Influence of Active, Passive & Manual Therapy Interventions for Low Back Pain on Opioid Prescription and Health Care Utilization

woman with lower back pain

Should we combine active and passive interventions for low back pain? Is spinal manipulation an active or passive therapy, or both?

A variety of treatments offered by chiropractors and physical therapists are commonly recommended in clinical practice guidelines (CPGs) as a first line of treatment for patients with LBP. However, there are many types of interventions utilized by clinicians which are provided in differing combinations. Some of these interventions may offer little to no health benefits, resulting in costly and often suboptimal outcomes. Evidence-informed best practices are therefore needed to improve care for patients with LBP.  

Several CPGs have been developed for the management of patients with LBP which have consistently recommended the use of active interventions, like physical activity and exercise therapy, as essential interventions for acute and chronic LBP. Treatment approaches that focus mainly on the use of passive interventions (ex. hot or cold packs, electrical stimulation and mechanical traction) or the overuse of active interventions often lead to worse clinical outcomes and excessive downstream health care utilization and costs.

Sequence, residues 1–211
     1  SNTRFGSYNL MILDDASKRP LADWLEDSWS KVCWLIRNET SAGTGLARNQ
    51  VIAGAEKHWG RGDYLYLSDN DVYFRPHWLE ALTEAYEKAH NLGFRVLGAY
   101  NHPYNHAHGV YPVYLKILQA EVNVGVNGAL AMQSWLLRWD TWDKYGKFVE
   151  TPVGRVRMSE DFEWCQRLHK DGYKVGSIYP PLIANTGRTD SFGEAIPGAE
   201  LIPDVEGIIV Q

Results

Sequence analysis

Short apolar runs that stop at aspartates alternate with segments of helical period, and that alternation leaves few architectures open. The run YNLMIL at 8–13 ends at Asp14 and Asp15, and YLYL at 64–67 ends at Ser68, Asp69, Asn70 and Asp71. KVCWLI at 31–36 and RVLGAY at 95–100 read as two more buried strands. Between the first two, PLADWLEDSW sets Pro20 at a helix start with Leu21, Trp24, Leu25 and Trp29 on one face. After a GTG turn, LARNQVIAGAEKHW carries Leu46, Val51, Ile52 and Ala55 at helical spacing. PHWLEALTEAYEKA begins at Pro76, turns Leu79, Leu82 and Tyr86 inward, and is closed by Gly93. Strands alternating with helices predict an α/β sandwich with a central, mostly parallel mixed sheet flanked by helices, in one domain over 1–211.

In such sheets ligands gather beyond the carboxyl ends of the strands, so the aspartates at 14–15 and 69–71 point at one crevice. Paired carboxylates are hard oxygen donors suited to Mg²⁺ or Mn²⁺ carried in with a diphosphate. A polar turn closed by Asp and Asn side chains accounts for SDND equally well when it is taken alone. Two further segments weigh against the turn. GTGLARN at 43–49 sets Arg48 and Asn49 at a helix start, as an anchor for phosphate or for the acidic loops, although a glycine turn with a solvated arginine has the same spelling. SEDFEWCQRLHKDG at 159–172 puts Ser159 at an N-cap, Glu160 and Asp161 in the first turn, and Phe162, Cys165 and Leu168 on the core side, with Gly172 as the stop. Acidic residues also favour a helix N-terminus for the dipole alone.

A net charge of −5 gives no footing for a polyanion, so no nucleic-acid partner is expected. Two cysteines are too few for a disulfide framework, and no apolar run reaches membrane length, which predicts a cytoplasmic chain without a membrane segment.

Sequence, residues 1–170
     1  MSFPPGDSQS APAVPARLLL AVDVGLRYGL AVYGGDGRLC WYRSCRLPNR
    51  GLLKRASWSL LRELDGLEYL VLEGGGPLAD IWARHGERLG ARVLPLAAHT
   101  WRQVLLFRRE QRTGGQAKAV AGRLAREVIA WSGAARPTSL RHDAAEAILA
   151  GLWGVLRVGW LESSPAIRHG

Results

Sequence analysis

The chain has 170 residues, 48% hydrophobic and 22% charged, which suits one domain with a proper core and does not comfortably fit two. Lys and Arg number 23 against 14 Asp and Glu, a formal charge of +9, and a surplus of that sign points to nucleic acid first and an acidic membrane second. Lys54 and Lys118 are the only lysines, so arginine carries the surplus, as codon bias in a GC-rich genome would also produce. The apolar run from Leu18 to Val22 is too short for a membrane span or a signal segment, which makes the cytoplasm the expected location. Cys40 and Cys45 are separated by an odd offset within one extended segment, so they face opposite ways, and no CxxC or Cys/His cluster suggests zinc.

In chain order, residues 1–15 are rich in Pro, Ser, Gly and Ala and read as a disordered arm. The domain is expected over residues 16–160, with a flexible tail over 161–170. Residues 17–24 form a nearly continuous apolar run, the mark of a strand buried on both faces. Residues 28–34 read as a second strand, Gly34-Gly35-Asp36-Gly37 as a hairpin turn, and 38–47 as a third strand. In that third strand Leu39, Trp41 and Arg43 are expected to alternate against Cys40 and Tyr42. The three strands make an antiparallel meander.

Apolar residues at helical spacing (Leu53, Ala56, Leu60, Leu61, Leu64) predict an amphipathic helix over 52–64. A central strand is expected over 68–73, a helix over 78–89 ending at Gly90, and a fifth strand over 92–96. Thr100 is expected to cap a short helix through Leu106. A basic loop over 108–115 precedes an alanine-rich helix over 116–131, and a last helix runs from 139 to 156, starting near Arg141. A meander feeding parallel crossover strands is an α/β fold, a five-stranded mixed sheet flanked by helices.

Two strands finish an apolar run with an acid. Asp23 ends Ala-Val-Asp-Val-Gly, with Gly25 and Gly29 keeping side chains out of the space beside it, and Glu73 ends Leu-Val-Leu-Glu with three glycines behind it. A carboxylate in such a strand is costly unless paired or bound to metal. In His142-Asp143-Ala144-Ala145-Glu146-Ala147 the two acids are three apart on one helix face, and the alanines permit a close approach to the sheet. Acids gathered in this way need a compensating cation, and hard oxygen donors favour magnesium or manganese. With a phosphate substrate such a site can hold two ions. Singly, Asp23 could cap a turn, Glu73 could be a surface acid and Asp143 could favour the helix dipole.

Manual therapy, including spinal mobilization and manipulation, is considered a passive intervention by some, although it is recommended by most CPGs for the management of both acute and chronic LBP. Furthermore, manual therapy typically includes active participation of the patient through specific tailored active movements and reinforcing exercises. It has been suggested that the use of passive interventions may enable patient participation in an active intervention program, although very little evidence is available to support that concept.

Given the lack of evidence in this area, the objective of this current study was to investigate the relationships between the use of active, passive, and manual therapy interventions for the management of patients with LBP and the following 1-year escalation-of-care events, including opioid prescriptions, spinal injections, specialty care visits, and hospitalizations.

This week’s Research Review: “Influence of Active, Passive & Manual Therapy Interventions for Low Back Pain on Opioid Prescription and Health Care Utilization

This paper was published in Physical Therapy (2024)

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